Uncertainty over the EU exit vote is blamed for the bank's decision to temporarily halt customer loans for London home purchases.
A bank in Singapore has become the first in the world to suspend loans for the purchase of homes in London, citing uncertainty over the UK's vote to leave the EU.United Overseas Bank (UOB) said: "We will temporarily stop receiving foreign property loan applications for London properties.
"As the aftermath of the UK referendum is still unfolding and given the uncertainties, we need to ensure our customers are cautious with their London property investments".
It added that it would keep the suspension under review.
The announcement reflects not just the meltdown on financial markets in the wake of last week's vote - but also wider concerns for the health of the global economy, with Asia firmly in focus.
The Singaporean dollar has gained 10% against the pound since the referendum result.
It means the value of assets held in Britain have been eroded in value.
While Singapore's third-largest lender is the only major financial institution to place its London home loan programme on hold, others have expressed concern about exposure to the UK's prime property market.
Singapore's biggest lender, DBS Group Holdings, said it was advising customers to be cautious amid "potential foreign exchange and sovereign risks".
While there is no data released by Singapore banks for UK home purchases, UOB is not believed to have been a major player in that particular field and cash buyers are understood to dominate.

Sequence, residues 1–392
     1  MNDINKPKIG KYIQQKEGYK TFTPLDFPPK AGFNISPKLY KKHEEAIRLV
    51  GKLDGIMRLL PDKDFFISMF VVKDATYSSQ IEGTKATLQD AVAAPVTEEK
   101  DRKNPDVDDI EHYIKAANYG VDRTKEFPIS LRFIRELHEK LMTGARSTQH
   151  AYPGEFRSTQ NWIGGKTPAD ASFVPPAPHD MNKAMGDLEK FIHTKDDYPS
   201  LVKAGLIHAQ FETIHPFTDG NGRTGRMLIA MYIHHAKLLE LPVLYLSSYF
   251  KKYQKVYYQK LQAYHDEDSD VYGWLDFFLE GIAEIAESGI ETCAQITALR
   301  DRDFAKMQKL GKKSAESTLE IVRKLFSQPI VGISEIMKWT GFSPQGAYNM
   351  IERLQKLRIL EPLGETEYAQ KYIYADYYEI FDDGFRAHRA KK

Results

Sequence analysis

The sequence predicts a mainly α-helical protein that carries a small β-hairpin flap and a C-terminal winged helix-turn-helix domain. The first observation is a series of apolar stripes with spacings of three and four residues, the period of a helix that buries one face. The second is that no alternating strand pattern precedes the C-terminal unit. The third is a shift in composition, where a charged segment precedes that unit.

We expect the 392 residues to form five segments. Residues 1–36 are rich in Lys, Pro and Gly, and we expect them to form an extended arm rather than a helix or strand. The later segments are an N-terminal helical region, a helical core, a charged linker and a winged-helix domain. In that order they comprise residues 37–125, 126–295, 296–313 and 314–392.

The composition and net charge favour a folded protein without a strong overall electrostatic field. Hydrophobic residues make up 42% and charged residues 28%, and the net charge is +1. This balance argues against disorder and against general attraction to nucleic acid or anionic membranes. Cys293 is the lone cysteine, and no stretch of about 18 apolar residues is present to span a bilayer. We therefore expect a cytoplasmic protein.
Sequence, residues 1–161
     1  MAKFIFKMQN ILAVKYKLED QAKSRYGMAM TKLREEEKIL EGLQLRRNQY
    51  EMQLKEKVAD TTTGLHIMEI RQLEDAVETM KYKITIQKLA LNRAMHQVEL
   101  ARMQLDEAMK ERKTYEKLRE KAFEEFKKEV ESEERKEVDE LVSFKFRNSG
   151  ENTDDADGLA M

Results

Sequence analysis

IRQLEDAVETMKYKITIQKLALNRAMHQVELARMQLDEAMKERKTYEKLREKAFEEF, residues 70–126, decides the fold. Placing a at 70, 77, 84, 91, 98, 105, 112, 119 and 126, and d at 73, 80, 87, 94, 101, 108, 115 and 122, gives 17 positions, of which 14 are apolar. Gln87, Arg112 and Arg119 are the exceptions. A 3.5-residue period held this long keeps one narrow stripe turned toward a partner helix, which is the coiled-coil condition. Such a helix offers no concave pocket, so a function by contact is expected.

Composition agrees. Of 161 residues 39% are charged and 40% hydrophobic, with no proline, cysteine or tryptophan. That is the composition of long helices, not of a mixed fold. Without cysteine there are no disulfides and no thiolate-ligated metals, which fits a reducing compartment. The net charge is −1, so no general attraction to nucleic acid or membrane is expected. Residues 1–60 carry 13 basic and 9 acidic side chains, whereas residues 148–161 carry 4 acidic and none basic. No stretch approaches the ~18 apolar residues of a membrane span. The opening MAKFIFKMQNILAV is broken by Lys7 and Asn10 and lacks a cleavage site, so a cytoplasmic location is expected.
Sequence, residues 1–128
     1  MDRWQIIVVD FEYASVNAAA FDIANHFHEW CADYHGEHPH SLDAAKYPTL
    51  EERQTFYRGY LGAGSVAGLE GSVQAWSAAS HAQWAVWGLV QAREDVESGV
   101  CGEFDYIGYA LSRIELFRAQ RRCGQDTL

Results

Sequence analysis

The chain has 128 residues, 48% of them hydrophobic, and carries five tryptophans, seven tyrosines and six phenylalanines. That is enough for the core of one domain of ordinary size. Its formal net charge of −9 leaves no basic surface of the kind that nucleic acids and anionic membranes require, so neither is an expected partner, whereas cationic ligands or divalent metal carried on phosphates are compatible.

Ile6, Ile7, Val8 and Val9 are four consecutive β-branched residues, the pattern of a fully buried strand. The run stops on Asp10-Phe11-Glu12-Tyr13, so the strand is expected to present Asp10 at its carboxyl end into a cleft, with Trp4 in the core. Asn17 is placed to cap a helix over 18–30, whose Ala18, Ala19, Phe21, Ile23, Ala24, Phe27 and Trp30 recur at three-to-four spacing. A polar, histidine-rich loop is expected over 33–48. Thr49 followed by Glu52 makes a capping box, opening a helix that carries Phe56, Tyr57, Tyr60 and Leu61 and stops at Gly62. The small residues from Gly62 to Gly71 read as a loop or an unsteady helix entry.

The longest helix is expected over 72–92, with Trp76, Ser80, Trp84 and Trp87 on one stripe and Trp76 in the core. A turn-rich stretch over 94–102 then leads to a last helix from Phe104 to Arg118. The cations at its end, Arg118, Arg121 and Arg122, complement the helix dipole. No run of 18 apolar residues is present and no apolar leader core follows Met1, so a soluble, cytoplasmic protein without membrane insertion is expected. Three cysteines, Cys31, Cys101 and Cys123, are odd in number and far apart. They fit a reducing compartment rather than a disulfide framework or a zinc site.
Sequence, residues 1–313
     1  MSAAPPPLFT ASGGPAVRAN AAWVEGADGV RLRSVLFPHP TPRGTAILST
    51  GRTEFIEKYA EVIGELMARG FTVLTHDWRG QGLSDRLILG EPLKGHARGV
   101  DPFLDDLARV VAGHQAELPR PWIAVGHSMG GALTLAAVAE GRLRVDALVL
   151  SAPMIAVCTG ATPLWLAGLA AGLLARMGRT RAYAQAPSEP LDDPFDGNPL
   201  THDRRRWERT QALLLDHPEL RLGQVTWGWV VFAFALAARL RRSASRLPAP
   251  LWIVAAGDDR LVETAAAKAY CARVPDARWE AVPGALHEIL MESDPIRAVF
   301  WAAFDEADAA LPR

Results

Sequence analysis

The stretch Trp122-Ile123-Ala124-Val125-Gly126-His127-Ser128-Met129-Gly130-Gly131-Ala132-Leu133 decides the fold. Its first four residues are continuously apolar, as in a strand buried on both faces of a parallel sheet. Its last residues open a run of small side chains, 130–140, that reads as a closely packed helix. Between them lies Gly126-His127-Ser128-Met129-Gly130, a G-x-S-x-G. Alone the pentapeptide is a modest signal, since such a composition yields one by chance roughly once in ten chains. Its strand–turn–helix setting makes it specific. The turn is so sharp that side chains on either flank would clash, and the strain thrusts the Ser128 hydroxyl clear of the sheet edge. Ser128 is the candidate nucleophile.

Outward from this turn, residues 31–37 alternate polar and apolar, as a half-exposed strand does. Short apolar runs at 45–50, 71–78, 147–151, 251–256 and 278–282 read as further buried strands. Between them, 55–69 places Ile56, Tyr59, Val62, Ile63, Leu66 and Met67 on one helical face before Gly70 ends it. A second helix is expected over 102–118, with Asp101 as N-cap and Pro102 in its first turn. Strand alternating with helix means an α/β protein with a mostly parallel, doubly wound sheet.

But its decision reflects the current political turmoil in London - and predictions of a possible recession and uncertainty about where property prices will go.
Nationwide said on Wednesday that it believed the housing market would be linked to the UK's economic fortunes in the coming months, with employment and wage levels helping determine price movements.
However, it joined housebuilder Redrow in suggesting that the shortage of new homes would help prop up housing costs.
Analysts have warned that the Brexit vote could slow the sale of UK properties in Asia as buyers turn cautious.
Alice Tan, head of consultancy and research at Knight Frank Singapore, said: "There have been London properties available for the last few months before the Brexit.
"The question is whether these properties can still continue to receive buyers in the short-term."